Not your mother’s risk assessment program
MOM brands, a Minneapolis-based manufacturer of cereals, considers itself an industry leader in food safety, developing programs that raise its confidence in protecting its processing equipment and products, says Scott Kluegel, corporate electrical engineering department manager at MOM Brands. However, a processing-related issue arose that led the company toward new developments in its machine safety and food safety programs.
Materials used in the production of its cereals are converted into dough at one stage in the process. That dough comes into its mill rolls where it is flattened into a sheet and then continues further into the process. “Sometimes the mill rolls become sticky, and the dough collects into baseball- or softball-sized balls. The line operator oftentimes would reach into the mill roll and grab the dough ball,” says Kluegel.
Kluegel says MOM’s previous solutions to these types of issues were more of a subjective process. “We understood from our solutions expert that continuous improvement prompts you to look at your practices, risks and hazards,” and then develop a way to evaluate equipment, identify hazards and estimate the associated risks, he says.
“The expert used a risk assessment methodology based on best practices, his own experience in the field and technical insight to determine the level of protection we needed for the mill rolls and then designed it into our process.
“Determining risk assessment is based on a calculation that identifies the risk related to the identified hazard to determine the risk reduction level,” says Kluegel. That risk level calculation is determined by several factors that are part of a standard risk assessment process.
Those factors include the potential severity of the risk to harm (how badly one could get hurt) and the probability of occurrence of harm, which is based on a determination of the frequency and duration of exposure, probability of harm and probability of avoiding the harm. Each potential issue is assigned a value. For example, the severity of risk could range from level 1, indicating a minor cut or bruise, up to level 4, which could mean a fatality. Values to indicate the frequency and duration of the risk may range from level 1 for less than once a year, through level 5 which indicates a frequency of once an hour.
Probability of occurrence is another factor to be considered. This may be based on the state of the machine, motivation of the operator, stress or awareness of the potential issue. “If the dough ball shows up near the end of shift for the operator, how likely is he or she to shut down the line as opposed to reaching in and grabbing the dough ball?” asks Kluegel. The risk assessment methodology led to the production of a risk reduction decision matrix showing the levels of severity and the different types of probability.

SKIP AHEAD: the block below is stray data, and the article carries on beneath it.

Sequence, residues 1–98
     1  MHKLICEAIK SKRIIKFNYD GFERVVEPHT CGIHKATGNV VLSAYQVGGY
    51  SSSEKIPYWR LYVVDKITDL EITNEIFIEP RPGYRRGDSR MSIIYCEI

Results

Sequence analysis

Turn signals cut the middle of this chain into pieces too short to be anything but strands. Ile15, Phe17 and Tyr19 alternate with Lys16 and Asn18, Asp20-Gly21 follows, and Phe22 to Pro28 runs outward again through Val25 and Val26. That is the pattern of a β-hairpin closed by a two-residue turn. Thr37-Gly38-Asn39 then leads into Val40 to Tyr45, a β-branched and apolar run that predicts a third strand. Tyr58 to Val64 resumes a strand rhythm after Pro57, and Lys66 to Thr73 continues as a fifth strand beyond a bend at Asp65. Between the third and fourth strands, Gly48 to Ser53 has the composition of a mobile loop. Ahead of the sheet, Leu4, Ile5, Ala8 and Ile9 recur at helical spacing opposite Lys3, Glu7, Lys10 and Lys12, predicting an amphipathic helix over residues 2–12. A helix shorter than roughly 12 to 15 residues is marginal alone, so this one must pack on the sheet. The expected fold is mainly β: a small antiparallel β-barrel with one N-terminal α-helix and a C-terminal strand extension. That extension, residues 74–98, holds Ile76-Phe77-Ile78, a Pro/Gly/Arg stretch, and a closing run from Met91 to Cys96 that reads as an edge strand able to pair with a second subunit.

MOM brands assembled a team—consisting of a system safety consultant from Rockwell Automation and MOM Brands company personnel—to adopt a standard risk assessment process that was specific to MOM Brands’ production environment and safety requirements.
The company developed an evolved risk assessment methodology that eliminates the guesswork regarding tasks to address machine safety. It allows safety solutions to be done right the first time with components that are neither under- or over-engineered.
Following the risk assessment, MOM Brands produced three standard documents that look at its machine safety program and the sets they will follow regarding machine safety (LOTO procedures or identifying tasks that are routine, repetitive and integral). A second document lists the types of tasks to be performed on each particular type of equipment. This capability is strictly for maintenance tasks. A third standard document explains how to apply the results of a risk assessment analysis to pieces of equipment. Solutions can range from additional coding added to the machine control software, to new or novel types of machinery, software or components being developed and installed.
Risk assessment methodology helped MOM Brands update safety controls on its processes. Kluegel says the electrical standard for industrial machinery—as recently as 2005—required the safety system for machinery to be separate from and autonomous to the machine control system.
“We implemented a rely-based LED system that was independent of the machine control, but it was expensive to install due to wiring-intensive architectures. Maintenance technicians needed a scorecard to decipher a series of 12 light-based warnings to identify a problem. The relays were cumbersome to install, troubleshoot and maintain,” Kluegel adds.
The company assembled another team to develop an integrated safety system solution. They turned to a PLC system that allowed both the safety system and standard machine controls to operate without conflict on a single platform. With the PLC, MOM Brands was able to better send fault information to a human-machine operator interface, create password-protected levels of security for access to the safety programs and allow remote I/O Ethernet connectivity for reduced wiring.
MOM Brands also conducts better validation testing for machine safety. “We test for the faults before we implement a solution to ensure all parts interact correctly to perform the safety function, and unintended functions do not occur,” says Kluegel. “Does the machinery stop running when I open the door? What should happen to my safety I/O if I lose my network connection? The validation plans include cause and effect so the programmer knows how to develop the logic.”